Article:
Tuesday 31 May 2016

Top Ten Tuesday #86: Top Ten 2016 Beach Reads

Top Ten Tuesday is a weekly meme hosted over at Broke and Bookish. This weeks topic is Top Ten 2016 Beach Reads


  1. P.S. I Like You by Kasie West
  2. The Way to Game the Walk of Shame by Jenn P. Nguyen
  3. Defending Taylor by Miranda Kenneally
  4. Wanderlost by Jen Malone
  5. The Unexpected Everything by Morgan Matson
  6. The Season of You and Me by Robin Constantine
  7. Little Black Dress, Little White Lies by Laura Stampler
  8. Shuffle, Repeat by Jen Klein
  9. The Rose and the Dagger by Renee Ahdieh
  10. The Glittering Court by Richelle Mead


Monday 30 May 2016

Review: Manga Classics: Emma by Stacy King

23332879Title: Managa Classics: Emma
Author: Stacy King
Genre: classic, manga
Publisher: Udon Entertainment
Publication date: May 12th 2015
Pages: 308 (paperback)
Source: Netgalley

Just in time for the 200th Anniversary, Manga Classics: Emma brings Jane Austen's classic tale of youthful folly and romantic exuberance to a modern audience with this beautiful, new manga adaptation. The impulsive match-making of Emma Woodhouse delivers both humor and heartache through the gorgeous artwork of manga-ka Po Tse (Manga Classics: Pride and Prejudice). - Manga Classics editions feature classic stories, faithfully adapted and illustrated in manga style, and available in both hardcover and softcover editions. Proudly presented by UDON Entertainment and Morpheus Publishing.

This was the very first manga book that I have ever read, for some reason they never really appealed to me. But Emma is one of my favorite Jane Austen books so I thought that I should give it a shot and it was definitely worth it.

The story follows the original plotline, which I am really thankful for. Because I know some old stories in a new concept are sometimes altered a lot. Of course it is a lot shorter than the original since it is a manga so a lot of things were left out or told a bit differently since it is impossible to cram everything into one manga book. One of the reasons why I enjoyed this manga so much was because I recognized so much from the original story. It was a great read in so many ways. I enjoyed the graphics and it was nice to see how the characters were given certain expressions. And I could really imagine the characters being like that in real life as well. The dialogue between the characters and the inner monologues were well written and kept me interesting. When I was younger I read a lot of comic books and reading Emma reminded me so much of it.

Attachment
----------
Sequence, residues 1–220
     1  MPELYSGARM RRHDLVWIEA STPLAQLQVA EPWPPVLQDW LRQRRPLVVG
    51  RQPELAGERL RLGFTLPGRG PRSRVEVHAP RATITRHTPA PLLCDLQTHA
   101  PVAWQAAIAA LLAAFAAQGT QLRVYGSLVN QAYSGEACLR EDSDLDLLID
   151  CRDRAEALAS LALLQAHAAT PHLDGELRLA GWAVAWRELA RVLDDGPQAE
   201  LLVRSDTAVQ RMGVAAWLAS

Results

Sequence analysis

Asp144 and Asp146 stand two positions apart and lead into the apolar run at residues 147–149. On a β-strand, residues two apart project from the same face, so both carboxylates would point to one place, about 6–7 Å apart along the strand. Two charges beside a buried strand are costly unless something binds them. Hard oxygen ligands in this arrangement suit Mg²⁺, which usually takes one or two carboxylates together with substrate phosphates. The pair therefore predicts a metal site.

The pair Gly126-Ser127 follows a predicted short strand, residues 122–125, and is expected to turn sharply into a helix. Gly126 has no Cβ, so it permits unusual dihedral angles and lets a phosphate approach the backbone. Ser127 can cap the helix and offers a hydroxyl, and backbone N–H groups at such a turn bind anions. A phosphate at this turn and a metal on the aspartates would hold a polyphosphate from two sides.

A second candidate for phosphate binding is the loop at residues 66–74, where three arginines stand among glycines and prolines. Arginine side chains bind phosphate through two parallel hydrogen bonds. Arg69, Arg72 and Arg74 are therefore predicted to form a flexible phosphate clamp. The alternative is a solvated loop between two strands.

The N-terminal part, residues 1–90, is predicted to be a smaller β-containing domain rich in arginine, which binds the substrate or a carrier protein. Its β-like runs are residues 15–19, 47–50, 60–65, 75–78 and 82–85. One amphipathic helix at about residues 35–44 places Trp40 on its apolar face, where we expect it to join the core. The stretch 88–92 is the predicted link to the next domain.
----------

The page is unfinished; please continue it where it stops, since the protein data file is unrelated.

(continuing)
I only had one problem with this manga. Emma was already a bit snobbish in the book, usually without the intend to be so, but here she came across as a real snob and self-absorb. And she often was even cruel. Now it might be just me, since I have not read the book in ages but I do not remember her being like that at all. Other than that I have no complaints at all about this manga retelling.

Overall I really enjoyed reading Emma and it was definitely a good experience. I might actually pick up some other manga retellings from classics since it will me take less time to “reread” them then. If you are looking for a nice way to relive Emma than I would definitely recommend this to you.


Friday 27 May 2016

Guest Post: Resolution by Andrew Joyce

30009309Title: Resolution: Huck Finn's Greatest Adventure
Author: Andrew Joyce
Genre: Adult
Publication date: April 7th 2016
Pages: 370 (paperback)
Buy links: Amazon | Smashwords | B&N | iTunes | Kobo 

It is 1896 in the Yukon Territory, Canada. The largest gold strike in the annals of human history has just been made; however, word of the discovery will not reach the outside world for another year.

By happenstance, a fifty-nine-year-old Huck Finn and his lady friend, Molly Lee, are on hand, but they are not interested in gold. They have come to that neck of the woods seeking adventure.
Someone should have warned them, “Be careful what you wish for.”

When disaster strikes, they volunteer to save the day by making an arduous six hundred mile journey by dog sled in the depths of a Yukon winter. They race against time, nature, and man. With the temperature hovering around seventy degrees below zero, they must fight every day if they are to live to see the next.